I ALWAYS read the book before the movie – but in this case, I’ve been watching the Queen Sugar TV series and decided to read the book.  I liked the story and the main character, Charley, but felt like I was constantly comparing it to the OWN TV series instead of reading it on its own merit. I loved the TV series, and feel like the novel’s characters were much less developed than in the show.

Kid President’s Guide to Being AWESOME by Brad Montague

Best books
Kid President’s Guide to Being AWESOME by Brad Montague

“When you joyfully rebel against your circumstances, against mediocrity or negativity, you invite others into something really beautiful.” – Brad Montague

If you can’t tell from the photo, let me say that meeting this author was a highlight of 2017. I’ve seen him speak several times (AMAZEBALLS) and his Kid President video series has been a staple in my classroom for years. He’s why my AVID classes do our Socktober sock drive for the homeless every year. He’s why we giggle and dance and think after watching Kid President videos. He’s why I proudly wear my “JOY REBEL” shirt, and this year, he’s why I’m reminding myself to find joy at home AND at school. This book is perfect for adults, kids, and would make a fabulous gift for anyone you want to share a little joy with. One of the best books!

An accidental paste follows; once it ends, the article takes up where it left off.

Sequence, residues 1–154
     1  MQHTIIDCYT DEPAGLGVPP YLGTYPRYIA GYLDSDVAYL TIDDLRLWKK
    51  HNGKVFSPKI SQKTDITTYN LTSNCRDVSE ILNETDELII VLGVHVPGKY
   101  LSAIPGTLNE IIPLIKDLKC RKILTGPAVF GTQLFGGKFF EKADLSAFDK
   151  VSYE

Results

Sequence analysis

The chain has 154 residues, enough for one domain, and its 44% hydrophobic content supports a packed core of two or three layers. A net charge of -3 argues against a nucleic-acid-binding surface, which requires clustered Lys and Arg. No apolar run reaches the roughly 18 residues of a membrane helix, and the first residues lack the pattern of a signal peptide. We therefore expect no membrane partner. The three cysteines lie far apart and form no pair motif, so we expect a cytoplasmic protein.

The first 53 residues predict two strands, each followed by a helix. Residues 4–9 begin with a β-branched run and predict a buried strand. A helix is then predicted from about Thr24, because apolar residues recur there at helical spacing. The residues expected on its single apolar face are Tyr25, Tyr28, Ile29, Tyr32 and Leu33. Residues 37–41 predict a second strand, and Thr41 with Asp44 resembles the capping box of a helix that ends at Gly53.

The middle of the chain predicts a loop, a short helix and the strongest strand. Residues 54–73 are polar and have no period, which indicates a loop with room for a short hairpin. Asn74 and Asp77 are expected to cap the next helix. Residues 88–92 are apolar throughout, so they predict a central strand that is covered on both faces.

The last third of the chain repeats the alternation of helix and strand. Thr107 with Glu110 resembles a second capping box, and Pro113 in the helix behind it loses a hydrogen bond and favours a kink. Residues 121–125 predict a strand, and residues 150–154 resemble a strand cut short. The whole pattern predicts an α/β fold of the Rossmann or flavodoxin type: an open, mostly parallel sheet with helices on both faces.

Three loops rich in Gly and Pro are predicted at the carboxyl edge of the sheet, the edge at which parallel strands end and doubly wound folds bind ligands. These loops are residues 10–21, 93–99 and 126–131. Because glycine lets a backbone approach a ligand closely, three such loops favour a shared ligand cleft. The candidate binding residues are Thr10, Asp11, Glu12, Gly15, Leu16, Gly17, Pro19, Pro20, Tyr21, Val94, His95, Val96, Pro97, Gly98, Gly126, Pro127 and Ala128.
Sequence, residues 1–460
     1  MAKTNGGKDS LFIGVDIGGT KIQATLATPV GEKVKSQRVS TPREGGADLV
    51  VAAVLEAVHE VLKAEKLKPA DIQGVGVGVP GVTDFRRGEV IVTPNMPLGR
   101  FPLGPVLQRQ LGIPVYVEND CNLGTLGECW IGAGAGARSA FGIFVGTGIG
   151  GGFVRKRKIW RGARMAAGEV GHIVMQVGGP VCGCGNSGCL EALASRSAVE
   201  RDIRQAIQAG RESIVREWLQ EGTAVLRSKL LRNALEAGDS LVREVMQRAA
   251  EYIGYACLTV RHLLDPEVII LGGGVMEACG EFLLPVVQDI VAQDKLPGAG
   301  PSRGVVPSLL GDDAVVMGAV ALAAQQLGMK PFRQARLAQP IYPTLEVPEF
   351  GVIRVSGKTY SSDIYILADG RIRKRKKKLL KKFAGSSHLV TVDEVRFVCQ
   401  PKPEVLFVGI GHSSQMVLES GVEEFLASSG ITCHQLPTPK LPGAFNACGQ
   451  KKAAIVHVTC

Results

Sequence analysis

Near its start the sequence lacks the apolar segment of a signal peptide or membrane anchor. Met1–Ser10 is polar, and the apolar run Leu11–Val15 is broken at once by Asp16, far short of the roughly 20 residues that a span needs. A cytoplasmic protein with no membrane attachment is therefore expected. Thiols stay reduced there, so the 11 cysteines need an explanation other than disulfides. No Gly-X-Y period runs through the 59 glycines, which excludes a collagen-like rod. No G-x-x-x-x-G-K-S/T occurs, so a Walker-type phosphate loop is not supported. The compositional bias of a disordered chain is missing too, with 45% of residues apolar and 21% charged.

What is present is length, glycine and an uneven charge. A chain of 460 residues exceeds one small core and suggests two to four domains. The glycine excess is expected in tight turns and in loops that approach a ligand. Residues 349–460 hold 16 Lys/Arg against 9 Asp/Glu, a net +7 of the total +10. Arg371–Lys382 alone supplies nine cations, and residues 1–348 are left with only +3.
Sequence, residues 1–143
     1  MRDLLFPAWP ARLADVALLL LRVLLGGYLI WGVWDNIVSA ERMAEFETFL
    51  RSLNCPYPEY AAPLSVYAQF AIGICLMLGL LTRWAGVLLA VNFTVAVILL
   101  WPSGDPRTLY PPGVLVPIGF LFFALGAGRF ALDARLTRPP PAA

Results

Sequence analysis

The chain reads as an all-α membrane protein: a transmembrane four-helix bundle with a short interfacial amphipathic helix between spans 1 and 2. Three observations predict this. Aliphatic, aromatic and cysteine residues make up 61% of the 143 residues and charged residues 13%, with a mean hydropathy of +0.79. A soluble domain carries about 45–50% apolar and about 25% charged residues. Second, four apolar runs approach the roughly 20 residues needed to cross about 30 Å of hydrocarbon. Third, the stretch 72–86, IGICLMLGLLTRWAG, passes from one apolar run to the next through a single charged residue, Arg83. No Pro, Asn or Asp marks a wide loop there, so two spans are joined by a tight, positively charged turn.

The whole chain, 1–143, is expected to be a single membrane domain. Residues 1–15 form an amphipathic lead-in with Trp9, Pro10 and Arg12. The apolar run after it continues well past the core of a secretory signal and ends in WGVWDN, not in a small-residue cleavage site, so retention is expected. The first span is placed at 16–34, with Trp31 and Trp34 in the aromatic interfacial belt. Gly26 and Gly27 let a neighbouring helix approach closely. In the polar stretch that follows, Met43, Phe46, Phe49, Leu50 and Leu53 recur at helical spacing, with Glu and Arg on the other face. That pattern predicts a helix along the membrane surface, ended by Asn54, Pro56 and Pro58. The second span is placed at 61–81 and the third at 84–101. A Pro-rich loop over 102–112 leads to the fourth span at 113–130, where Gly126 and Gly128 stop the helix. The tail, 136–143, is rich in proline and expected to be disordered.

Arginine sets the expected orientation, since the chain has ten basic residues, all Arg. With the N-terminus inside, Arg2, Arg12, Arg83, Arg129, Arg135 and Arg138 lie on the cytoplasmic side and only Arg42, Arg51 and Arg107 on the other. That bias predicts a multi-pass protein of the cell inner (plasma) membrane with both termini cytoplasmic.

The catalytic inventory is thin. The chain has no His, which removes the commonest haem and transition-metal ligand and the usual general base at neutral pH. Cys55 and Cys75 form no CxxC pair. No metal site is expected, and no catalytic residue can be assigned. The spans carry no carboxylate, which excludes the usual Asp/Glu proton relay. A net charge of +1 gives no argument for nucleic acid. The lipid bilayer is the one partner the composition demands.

Brave Enough by Cheryl Strayed

“Bravery is acknowledging your fear and doing it anyway.”
― Cheryl StrayedBrave Enough

I loved Cheryl’s memoir Wild, so naturally, a book featuring her quotes on life caught my interest. It’s a fast or slow read, depending on how you want to use it – but the quotes will linger with you long after the last page. Another fun book to gift!

The Spymistress by Jennifer Chiaverini

Best books
The Spymistress by Jennifer Chiaverini

“Hope is never false. One’s hopes may not be fulfilled, but that doesn’t not mean it was wrong to hope”